In the second section of the book, Niman presents her case against the idea that over the years increased beef consumption has contributed to obesity, cardiovascular disease, diabetes and other serious health problems. Originally promulgated by a 1953 study, the idea that saturated fat was the primary cause of heart disease was wholeheartedly embraced after 1970 by a concerned and health-conscious America that dutifully rejected red meat and animal fats and switched to a diet more inclusive of chicken, fish and vegetable fats in an effort to espouse a more healthful diet.
The problem is the numbers don’t bear that out.
From 1970 to 2005, beef consumption decreased by 22 percent, butter by 15 percent and whole milk by 73 percent; at the same time, our diet included more poultry and fish and our intake of vegetable fats went up by 63 percent. But during that period, the obesity rate in children tripled, 33 percent of Americans now have hypertension and the leading cause of death in the US is heart disease.
As a matter of fact, studies now indicate that carbohydrates are much more of a culprit in our current health crisis. Sugar undeniably tops the list, but our increased consumption of processed grains is undoubtedly related to obesity and the upsurge in chronic diseases. The wholesome nature of our daily bread has seldom been called into question, but science is taking a closer look now. Sugar and flour are affordable and plentiful, and we’ve been consuming them as if there were no tomorrow. The ideal human diet is rich and varied; in our rush to figure out how to be healthy, it has been easy to get trapped into the tunnel vision of concentrating on single variables, often vilifying only one element of what we consume.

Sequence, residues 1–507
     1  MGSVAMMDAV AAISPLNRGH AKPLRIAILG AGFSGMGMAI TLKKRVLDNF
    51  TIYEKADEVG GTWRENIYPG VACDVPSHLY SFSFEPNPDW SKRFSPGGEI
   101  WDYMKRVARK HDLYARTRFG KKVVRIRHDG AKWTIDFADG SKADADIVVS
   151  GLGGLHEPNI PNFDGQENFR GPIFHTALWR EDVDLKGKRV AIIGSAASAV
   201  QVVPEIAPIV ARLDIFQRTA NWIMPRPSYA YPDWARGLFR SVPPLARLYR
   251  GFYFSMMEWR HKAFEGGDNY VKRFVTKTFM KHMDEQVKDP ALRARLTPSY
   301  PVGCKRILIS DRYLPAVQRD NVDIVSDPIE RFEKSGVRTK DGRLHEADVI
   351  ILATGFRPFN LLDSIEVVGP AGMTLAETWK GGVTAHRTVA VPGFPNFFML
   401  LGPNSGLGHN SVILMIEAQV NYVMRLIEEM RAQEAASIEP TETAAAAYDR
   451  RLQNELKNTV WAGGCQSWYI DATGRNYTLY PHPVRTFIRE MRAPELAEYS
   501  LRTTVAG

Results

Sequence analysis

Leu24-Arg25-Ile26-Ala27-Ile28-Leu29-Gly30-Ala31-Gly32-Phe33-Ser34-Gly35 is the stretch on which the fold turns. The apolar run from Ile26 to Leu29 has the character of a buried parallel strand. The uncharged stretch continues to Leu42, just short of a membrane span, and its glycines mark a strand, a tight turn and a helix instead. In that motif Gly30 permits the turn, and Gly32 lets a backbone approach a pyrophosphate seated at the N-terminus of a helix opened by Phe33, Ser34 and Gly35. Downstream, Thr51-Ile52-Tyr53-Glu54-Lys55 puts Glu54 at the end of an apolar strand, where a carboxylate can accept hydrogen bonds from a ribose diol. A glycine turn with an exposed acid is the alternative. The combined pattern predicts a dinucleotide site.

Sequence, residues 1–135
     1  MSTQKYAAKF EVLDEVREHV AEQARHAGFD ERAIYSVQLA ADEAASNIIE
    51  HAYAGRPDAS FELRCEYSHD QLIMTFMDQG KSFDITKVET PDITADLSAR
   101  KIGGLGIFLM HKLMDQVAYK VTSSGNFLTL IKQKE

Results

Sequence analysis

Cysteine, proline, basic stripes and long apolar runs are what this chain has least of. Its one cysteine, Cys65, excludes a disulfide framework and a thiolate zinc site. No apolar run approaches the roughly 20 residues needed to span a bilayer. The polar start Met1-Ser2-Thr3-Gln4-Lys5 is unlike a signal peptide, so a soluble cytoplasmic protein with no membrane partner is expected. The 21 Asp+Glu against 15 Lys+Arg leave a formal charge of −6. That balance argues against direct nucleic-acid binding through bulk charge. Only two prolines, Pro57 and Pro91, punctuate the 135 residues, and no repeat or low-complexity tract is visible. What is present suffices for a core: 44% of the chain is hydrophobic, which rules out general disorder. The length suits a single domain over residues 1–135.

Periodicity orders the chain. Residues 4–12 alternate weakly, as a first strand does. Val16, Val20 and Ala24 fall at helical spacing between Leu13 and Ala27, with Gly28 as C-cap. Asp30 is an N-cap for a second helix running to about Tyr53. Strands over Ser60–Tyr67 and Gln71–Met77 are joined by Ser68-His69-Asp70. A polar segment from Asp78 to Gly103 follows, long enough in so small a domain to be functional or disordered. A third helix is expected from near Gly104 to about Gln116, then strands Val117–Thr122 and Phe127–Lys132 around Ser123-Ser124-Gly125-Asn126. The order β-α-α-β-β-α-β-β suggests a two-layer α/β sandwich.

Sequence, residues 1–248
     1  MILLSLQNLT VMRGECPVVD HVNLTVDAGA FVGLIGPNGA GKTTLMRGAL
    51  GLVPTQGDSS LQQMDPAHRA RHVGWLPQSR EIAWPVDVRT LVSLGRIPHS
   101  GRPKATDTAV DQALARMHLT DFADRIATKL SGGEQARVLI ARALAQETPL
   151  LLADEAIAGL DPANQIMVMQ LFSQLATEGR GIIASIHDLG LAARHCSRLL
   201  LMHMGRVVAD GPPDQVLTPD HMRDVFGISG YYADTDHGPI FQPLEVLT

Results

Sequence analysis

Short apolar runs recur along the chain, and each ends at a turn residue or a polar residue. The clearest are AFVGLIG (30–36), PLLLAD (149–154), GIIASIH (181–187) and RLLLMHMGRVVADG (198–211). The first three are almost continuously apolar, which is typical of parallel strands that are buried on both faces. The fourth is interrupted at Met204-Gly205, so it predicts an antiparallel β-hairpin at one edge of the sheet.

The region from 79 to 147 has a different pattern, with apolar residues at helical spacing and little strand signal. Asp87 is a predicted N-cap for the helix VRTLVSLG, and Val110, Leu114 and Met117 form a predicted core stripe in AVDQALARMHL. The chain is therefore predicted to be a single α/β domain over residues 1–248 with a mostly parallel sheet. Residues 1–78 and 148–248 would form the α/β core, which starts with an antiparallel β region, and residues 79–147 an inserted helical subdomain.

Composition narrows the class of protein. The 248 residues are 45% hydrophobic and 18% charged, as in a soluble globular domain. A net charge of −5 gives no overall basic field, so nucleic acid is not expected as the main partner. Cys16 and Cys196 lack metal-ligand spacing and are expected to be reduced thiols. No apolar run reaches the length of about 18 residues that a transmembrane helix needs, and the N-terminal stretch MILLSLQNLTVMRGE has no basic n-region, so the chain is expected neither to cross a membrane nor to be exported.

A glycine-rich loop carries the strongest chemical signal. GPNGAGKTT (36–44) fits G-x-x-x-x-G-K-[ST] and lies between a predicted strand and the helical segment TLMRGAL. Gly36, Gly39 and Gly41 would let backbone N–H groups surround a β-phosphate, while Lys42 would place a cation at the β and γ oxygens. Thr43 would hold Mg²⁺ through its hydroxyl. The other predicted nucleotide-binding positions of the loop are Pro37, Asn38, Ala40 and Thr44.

There is no shortage of public opinion regarding the raising and consumption of beef, from extreme animal rights activists to the growing numbers who espouse Meatless Monday; those positions are not hers. Niman is a strong advocate of sustainable livestock husbandry, but she makes clear that the overall view of this book is that more cattle (and more grassland for grazing) makes for a better environment in terms of climate and more beef makes for better human health. The book is her effort to countermand the “singularly negative view of ranching and beef [that] persists among many environmentalists.”
Niman makes a good argument for her ideas, and organizationally we at GRACE understand her argument that the connection between raising livestock and CO2, methane and nitrous oxide emissions is overstated, but we do not feel that it is negligible. By the same token her contention regarding the amount of water needed to raise cattle is arguable; read our position on this issue.
But we also support farmers and others who produce food as sustainably as possible, including the Nimans, and we appreciate the nuanced approach that Nicolette has taken to this subject. All in all, the book is worth a read; see what you think.